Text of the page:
BEYOND `SCHINDLER'S,' THERE'S KEYWORD HOLOCAUST.
For everyone from youngsters who watched ``Schindler's List'' on television recently to seniors who witnessed parts of the Holocaust firsthand, the images of that horrific time in world history will linger for a lifetime.
Whether you're just now learning about the Nazi extermination of 6 million European Jews and other ``undesirables'' during World War II or seeking a deeper understanding of how such inhumanity could occur, there are resources galore on your home computer.
Perhaps the best one-stop source of information - and a fine starting point for children - has been assembled by America Online's Jewish Community at keyword Holocaust. A simple menu contains a glossary of terms, answers to 36 basic questions, a quick history, descriptions and images of life and death in concentration camps, countless survivors' stories, copies of Nazi documents and reading lists.
In one area, the Simon Wiesenthal Center presents more than a dozen answers for historical revisionists with various political or religious agendas who claim the Holocaust never happened. Another area contains voluminous records from the Nuremburg war-crimes trials. A new addition explains the recent decision by the Swiss government to open a $71 million humanitarian fund to aid destitute Holocaust victims and their families.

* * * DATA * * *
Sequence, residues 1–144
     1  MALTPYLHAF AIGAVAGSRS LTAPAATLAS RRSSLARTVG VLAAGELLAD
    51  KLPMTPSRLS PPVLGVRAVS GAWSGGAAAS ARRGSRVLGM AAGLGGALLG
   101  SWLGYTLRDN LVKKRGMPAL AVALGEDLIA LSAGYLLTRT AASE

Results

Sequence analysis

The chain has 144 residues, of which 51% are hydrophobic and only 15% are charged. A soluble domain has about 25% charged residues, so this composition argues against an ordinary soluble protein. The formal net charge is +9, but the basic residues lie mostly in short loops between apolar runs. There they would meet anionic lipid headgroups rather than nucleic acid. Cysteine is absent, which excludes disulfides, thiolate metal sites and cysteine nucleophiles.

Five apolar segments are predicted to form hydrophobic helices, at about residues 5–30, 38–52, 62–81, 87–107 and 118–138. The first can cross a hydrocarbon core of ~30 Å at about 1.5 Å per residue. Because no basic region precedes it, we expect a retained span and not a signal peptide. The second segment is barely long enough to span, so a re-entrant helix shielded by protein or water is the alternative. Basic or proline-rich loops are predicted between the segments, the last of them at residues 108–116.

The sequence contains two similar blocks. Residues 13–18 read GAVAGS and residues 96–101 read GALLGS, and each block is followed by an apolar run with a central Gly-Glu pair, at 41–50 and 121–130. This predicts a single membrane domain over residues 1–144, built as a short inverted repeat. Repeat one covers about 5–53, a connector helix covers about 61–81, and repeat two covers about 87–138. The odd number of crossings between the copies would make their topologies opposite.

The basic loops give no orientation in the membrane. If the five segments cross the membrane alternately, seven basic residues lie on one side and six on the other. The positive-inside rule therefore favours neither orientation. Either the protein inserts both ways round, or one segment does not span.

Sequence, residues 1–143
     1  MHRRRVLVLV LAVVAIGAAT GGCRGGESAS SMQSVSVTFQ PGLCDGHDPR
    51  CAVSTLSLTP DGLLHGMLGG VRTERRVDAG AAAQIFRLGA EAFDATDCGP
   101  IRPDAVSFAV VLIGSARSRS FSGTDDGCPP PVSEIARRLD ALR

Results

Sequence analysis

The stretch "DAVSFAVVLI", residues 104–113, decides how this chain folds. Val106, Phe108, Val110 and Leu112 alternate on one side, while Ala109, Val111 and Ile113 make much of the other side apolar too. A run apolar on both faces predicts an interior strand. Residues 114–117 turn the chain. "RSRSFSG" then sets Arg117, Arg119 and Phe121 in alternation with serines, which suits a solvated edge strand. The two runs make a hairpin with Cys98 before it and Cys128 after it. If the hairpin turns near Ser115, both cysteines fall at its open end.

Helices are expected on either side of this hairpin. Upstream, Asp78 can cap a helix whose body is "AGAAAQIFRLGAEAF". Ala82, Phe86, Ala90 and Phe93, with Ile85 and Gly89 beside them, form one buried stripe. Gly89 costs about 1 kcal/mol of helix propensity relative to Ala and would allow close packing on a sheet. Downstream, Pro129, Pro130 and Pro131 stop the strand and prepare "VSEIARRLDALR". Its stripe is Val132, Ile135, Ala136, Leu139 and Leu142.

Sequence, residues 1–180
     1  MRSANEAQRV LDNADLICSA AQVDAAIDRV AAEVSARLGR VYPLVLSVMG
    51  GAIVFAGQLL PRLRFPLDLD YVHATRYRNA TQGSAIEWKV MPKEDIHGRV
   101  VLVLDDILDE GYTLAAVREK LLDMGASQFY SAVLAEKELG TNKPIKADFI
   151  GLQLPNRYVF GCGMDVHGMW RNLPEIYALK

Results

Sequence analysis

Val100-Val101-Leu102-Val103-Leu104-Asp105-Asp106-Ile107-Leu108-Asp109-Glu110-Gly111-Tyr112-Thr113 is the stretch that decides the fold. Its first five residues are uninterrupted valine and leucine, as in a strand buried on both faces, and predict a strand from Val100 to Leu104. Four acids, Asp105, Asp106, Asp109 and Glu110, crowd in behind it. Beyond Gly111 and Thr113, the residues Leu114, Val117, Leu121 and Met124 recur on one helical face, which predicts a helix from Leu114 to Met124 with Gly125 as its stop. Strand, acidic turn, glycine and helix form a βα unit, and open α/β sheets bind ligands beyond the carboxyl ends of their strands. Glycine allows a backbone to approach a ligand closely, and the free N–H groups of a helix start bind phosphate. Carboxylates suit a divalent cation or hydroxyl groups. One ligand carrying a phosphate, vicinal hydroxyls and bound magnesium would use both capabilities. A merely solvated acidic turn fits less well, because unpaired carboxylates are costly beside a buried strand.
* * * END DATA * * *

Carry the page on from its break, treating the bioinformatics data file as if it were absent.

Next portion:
One mission of the Wiesenthal Center is to keep watch on modern trends in hate and extremism that could spark new Holocausts if left unchecked. In that vein, ``The Making of a Skinhead'' by former White Supremacy Movement member T.J. Leyden is must reading on the Wiesenthal's Web site. Meanwhile, the CyberWatch area offers discussion and a survey about hate speech on the Internet - as well as some links to pages put out by the groups themselves.
The new United States Holocaust Memorial and Museum has a page at http://www.ushmm.org with more testimony and samples of its exhibits.
At the end of the telecast of ``Schindler's List,'' director Steven Spielberg mentioned his ``Survivors of the Shoah'' project, which seeks to gather videotaped interviews with Holocaust survivors. He's taped more than 25,000 interviews so far and is converting them into a format available to computer users. Read about it at the Visual History Foundation page (http://www.vhf.org/).
Fans of ``The Diary of Anne Frank'' can read about her life and times at Anne Frank Online (http://
www.annefrank.com/). She, her family and four others hid in Amsterdam for 25 months before being discovered by Nazis. She died in the Bergen-Belsen concentration camp in 1945 at age 15.
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